How I Got My Literary Agent (Part two)

If you haven’t read my last post about my experiences of submitting manuscripts to literary agents, click here to read the back story.

If you have (and thank you!) then you might recall I’d written another manuscript (The Boy at the Window) based on a family who never left the house. This was from the point of view of an eight-year-old boy. The style was totally different to my previous work. I entered it into a few novel competitions, and I was longlisted for three of them! After writing three manuscripts, subbing one to death (if you’ve read it – you’ll see the irony), this was an amazing turnaround. This was something I could put in my covering letter! At last, I had something useful to say to agents when I submitted it!

The agent stats for this MS (The Boy at the Window) are:

  • Total submissions:                 16
  • Form Rejections:                     2
  • Personalised rejections:     3
  • Full MS Requests:                  7
  • No reply:                                      4

The full manuscript requests for this book, unfortunately, didn’t lead to representation; most said it needed work, but good luck in finding another agent.

To everyone who has ever entered competitions and not been placed, it says nothing about your talent as a writer. And don’t ever think that because an agent doesn’t respond within hours, days, weeks, months, after an initial submission that they’re not interested. One of my full requests was after three months. It’s a good sign that the agent is prioritising her clients, but also that she has a lot of submissions.

But, after all of these rejections, I had a new category:

Would see other work: 3

By the time one of these lovely agents replied asking for a full request, I had almost finished another manuscript that I’d been working on (they say when subbing one – begin another). I was within weeks of putting the final touches to 99 Red Balloons (after re-writing/editing it about twenty times, printing it off and editing, sending it to beta readers, then editing again, and printing the MS for a second time for rogue typos – it’s a long slog!).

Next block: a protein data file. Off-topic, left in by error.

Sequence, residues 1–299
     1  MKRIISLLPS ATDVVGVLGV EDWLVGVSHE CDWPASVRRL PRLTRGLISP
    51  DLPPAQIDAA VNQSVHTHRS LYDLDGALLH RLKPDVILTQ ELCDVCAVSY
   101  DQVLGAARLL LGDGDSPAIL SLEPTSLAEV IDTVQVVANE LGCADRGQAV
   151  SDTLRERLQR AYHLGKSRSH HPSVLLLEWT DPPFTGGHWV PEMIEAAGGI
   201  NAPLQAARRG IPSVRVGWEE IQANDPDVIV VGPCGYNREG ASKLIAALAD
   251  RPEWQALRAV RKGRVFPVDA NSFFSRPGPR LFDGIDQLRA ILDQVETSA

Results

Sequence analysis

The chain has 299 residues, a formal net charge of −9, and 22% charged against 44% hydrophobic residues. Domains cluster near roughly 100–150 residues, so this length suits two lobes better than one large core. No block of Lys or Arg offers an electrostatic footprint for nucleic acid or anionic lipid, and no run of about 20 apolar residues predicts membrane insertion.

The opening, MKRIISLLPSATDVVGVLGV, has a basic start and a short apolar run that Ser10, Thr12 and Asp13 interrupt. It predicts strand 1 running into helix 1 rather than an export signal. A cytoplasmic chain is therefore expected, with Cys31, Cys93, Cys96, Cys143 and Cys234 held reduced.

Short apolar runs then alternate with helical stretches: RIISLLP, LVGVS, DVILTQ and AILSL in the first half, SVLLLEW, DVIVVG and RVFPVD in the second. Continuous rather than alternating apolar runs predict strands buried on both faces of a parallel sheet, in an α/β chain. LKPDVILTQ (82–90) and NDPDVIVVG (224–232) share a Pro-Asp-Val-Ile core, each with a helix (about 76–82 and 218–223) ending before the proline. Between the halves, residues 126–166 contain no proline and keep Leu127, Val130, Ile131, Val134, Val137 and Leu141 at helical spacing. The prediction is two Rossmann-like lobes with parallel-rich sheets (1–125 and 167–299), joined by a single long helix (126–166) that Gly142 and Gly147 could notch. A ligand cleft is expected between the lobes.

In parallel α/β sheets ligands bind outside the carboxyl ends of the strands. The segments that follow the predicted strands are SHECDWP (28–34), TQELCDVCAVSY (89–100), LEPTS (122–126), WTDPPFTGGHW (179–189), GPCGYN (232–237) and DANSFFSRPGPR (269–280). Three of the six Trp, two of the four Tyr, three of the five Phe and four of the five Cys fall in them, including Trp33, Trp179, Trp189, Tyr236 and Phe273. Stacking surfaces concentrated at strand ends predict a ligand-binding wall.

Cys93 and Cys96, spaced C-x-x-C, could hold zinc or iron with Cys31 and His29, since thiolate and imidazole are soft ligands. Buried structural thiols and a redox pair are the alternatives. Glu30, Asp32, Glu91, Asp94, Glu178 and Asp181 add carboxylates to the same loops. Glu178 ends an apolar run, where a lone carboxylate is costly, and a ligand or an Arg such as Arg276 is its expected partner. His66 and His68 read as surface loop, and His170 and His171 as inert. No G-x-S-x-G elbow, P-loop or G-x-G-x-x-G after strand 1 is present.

Although this agent enjoyed The Boy at the Window, there was a lot of work to be done. She said to send over my next manuscript when it was finished. I replied that I had another that would soon be ready.

Of course, as a subbing writer, you’ve already done your research about the agents you are sending it to, but I checked her profile again. This was my dream agent. It was why I subbed to her in the first place.

In case she didn’t like it – a thought still ingrained from years of submissions to agents – I subbed to a few others too.

I received several nice personalised rejections, but seven full manuscript requests that led to FOUR offers of representation! It was such a surreal time.

One of these was from Caroline Hardman, my dream agent. Caroline had come back to me quickly after reading half of my book and said she’d love to represent me. I felt awful having to turn down the other agents who were great, but I knew Caroline was The One. Her and Joanna’s agency is so highly respected, plus Caroline’s originally from Manchester (I know that sounds strange, but it’s LOCAL to me!). Caroline ‘got’ my characters and the book.

So in June last year, I signed on the dotted line …

My debut novel 99 RED BALLOONS will be published 24th August 2017 (Avon HarperCollins) and is available for pre-order here.

2 thoughts on “How I Got My Literary Agent (Part two)

  1. Pingback: How I Got My Literary Agent (Part one) | Elisabeth Carpenter

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